It has been already stated that the exceptions of buildings and other fixtures for the purpose of carrying on a trade or manufacture is of very ancient date, and was recognized almost as early as the rule itself. The very point was decided in 20 Henry VII., 13a. and b., where it was laid down, that if a lessee for years made a furnace for his advantage, or a dyer made his vats or vessels to occupy his occupation, during the term, he may afterward remove them. That doctrine was recognized by Lord Holt in Poole's Case, 1 Salk. 368, in favor of a soap-boiler who was tenant for years. He held that the party might well remove the vats he set up in relation to trade, and that he might do it by the common law (and not by virtue of any custom) in favor of trade and to encourage industry. In Lawton v. Lawton, 3 Atk. R. 13, the same doctrine was held in the case of a fire-engine set up to work in a colliery by a tenant for life. Lord Hardwicke there said that since the time of Henry VII. the general ground the courts have gone upon of relaxing the strict construction of law is that it is for the benefit of the public to encourage tenants for life to do what is advantageous to the estate during the term. He added, "one reason which weighs with me is its being a mixed case, between enjoying the profits of the land, and carrying on a species of trade; and in considering it in this light it comes very near the instances in brew-houses, etc., of furnaces and coppers.'' The case, too, of a cider-mill, between the executor and heir, etc., is extremely strong, for though cider is a part of the profits of the real estate, yet it was held by Lord Chief Baron Comyns, a very able common lawyer, that the cider-mill was personal estate notwithstanding, and that it should go to the executor. " It does not differ it, in my opinion, whether the shed be made of brick or wood, for it is only intended to cover it from the weather and other inconveniences." In Penton v. Robart, 2 East, 88, it was further decided that a tenant might remove his fixtures for trade even after the expiration of his term if he yet remained in possession; and Lord Kenyon recognized the doctrine in its most liberal extent.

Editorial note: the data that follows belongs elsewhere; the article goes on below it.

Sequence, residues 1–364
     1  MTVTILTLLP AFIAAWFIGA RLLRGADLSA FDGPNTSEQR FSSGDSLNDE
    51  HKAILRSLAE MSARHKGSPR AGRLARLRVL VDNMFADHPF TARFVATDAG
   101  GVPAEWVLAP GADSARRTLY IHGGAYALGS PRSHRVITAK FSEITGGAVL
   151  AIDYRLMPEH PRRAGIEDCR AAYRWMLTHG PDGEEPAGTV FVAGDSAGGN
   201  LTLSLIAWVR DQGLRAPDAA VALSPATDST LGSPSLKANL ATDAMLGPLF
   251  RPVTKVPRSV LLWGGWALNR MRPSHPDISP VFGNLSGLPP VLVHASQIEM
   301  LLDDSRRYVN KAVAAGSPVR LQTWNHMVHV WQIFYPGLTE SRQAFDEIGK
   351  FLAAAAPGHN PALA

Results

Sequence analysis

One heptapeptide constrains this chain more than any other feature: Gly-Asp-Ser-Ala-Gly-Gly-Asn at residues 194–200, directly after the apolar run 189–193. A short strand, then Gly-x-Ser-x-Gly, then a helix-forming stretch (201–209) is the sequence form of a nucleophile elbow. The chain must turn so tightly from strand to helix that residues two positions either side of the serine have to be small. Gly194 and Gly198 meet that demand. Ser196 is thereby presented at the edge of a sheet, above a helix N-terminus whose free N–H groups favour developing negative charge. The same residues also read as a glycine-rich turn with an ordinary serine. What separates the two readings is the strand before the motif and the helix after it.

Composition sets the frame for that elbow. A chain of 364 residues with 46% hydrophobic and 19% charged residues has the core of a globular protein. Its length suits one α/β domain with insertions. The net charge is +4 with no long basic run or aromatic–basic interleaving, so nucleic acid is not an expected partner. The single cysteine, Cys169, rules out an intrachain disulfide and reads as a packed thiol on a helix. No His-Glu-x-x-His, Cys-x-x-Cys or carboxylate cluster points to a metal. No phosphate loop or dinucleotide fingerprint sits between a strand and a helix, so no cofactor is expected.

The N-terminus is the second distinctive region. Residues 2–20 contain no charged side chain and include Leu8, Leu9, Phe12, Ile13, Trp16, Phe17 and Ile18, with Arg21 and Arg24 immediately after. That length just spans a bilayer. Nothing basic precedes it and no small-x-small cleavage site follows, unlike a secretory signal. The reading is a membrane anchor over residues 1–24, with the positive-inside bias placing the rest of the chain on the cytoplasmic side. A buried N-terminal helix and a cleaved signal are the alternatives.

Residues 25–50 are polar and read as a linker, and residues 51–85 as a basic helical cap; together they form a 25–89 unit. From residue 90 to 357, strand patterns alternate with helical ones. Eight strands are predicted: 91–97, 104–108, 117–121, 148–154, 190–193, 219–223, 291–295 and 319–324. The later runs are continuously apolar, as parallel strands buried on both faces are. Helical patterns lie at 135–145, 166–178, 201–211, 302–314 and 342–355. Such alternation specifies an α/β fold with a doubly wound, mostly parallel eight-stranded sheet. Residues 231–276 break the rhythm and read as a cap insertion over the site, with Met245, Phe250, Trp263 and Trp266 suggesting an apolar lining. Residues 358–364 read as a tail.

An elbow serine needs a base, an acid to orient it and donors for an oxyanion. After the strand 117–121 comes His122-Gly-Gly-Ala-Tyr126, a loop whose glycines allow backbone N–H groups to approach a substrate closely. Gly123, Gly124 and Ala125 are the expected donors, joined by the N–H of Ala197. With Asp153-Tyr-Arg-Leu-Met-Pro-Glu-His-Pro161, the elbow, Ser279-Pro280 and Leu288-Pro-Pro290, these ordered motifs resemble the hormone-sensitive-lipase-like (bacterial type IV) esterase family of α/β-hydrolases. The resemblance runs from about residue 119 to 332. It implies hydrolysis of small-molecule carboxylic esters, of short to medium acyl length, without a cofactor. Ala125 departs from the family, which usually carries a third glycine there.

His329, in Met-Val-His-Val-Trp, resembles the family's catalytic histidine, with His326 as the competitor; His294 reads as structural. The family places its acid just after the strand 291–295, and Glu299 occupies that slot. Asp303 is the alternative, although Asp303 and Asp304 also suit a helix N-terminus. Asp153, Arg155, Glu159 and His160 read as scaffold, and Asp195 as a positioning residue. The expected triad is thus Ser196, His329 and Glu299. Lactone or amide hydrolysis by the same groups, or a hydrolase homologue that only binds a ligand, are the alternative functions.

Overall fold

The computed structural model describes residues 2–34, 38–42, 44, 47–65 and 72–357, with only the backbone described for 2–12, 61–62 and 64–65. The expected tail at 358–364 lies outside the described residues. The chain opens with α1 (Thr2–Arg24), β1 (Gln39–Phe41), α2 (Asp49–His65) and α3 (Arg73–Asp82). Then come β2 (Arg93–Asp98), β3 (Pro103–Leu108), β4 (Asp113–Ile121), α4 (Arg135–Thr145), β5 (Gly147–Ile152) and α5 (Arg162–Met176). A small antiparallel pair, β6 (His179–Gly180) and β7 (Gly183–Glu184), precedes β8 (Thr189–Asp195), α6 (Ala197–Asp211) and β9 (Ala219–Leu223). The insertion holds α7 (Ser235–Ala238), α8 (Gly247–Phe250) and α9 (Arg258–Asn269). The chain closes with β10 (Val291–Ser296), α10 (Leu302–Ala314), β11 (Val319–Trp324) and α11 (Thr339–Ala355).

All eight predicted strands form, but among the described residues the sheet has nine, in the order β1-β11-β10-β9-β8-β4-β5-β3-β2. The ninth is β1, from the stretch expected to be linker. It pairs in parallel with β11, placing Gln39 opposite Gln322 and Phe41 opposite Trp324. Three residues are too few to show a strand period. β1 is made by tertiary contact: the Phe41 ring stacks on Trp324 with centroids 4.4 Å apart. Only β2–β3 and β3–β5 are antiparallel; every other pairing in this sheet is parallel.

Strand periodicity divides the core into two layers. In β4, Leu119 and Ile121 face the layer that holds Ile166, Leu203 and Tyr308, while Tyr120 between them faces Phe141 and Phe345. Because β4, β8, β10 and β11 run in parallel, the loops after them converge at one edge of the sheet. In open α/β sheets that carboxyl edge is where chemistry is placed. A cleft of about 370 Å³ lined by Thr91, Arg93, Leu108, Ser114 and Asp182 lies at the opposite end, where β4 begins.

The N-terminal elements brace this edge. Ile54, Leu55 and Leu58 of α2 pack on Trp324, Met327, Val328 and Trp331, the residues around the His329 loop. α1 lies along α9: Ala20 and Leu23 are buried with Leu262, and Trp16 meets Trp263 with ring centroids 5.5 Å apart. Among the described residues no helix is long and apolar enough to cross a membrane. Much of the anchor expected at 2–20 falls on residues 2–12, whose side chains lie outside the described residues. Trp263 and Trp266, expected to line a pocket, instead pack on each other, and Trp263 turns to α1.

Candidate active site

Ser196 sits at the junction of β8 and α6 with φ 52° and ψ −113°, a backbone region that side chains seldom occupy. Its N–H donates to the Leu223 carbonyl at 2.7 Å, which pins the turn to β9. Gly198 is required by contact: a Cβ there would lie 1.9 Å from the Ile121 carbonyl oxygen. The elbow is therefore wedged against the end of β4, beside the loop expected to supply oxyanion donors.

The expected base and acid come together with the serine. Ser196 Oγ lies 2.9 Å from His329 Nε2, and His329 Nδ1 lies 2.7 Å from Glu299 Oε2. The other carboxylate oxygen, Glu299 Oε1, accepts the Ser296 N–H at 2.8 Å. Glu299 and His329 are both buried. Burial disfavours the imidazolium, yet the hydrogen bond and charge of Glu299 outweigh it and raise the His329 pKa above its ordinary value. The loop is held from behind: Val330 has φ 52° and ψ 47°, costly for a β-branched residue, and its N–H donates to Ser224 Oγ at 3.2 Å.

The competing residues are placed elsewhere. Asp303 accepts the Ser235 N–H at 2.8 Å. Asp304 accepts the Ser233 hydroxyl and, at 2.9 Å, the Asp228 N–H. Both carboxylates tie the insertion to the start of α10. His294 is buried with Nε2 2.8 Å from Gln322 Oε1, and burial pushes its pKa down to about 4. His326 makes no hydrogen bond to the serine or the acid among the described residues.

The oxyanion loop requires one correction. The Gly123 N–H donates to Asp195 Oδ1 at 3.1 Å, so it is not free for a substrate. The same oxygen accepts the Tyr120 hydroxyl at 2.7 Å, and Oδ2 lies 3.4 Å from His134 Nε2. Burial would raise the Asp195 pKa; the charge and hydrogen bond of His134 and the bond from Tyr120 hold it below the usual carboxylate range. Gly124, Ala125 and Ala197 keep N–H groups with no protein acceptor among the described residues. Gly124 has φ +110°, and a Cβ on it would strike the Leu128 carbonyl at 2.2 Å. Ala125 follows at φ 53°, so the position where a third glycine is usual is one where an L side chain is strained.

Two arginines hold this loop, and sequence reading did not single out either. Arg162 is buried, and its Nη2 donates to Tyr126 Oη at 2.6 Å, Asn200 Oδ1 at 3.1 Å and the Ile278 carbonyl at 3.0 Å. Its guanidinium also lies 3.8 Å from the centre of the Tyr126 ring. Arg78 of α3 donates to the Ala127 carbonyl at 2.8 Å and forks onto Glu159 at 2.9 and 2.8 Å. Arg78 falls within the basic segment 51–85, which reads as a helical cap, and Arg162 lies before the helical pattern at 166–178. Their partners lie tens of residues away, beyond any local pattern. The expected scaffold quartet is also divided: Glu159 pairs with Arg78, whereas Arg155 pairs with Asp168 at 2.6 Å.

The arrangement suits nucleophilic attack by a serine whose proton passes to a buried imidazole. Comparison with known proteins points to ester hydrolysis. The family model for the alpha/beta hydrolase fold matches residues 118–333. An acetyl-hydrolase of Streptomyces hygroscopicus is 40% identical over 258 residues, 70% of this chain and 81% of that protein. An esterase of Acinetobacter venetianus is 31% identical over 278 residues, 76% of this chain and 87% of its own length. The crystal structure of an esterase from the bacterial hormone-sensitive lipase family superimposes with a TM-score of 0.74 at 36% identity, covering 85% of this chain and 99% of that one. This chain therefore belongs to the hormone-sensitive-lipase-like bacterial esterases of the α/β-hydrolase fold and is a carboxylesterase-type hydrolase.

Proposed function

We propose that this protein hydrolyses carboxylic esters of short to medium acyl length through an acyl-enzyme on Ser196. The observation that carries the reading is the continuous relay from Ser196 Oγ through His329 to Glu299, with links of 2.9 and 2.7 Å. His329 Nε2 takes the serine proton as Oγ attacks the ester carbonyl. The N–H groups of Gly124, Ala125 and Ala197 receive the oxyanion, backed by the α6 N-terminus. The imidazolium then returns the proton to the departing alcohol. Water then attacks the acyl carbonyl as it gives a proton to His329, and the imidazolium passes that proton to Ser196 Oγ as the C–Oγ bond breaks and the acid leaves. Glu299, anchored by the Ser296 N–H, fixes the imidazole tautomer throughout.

It has been suggested at the bar that this exception in favor of trade has never been applied to cases like that before the court, where a large house has been built and used in part as a family residence. But the question, whether removable or not, does not depend upon the form or size of the building, whether it has a brick foundation or not, or is one or two stories high, or has a brick or other chimney. The sole question is whether it is designed for purposes of trade or not. A tenant may erect a large as well as a small messuage, or a soap-boilery of one or two stories high, and on whatever foundations he may choose. In Lawton v. Lawton, 3 Atk. R. 13, Lord Hardwicke said (as we have already seen) that it made no difference whether the shed of the engine be made of brick or stone. In Penton v. Robart, 2 East's R. 88, the building had a brick foundation, let into the ground, with a chimney belonging to it, upon which there was a superstructure of wood. Yet the court thought the building removable. In Elwes v. Mawe, 3 East's R. 38, Lord Ellenborough expressly stated that there was no difference between the building covering any fixed engine, utensils, and the latter. The only point is whether it is accessory to carrying on the trade or not. If bona fide intended for this purpose, it falls within the exception in favor of trade. The case of the Dutch barns before Lord Kenyon, Dean v. Allalley, 3 Esp. 11; Woodfall's Landlord and Tenant, 219, is to the same effect.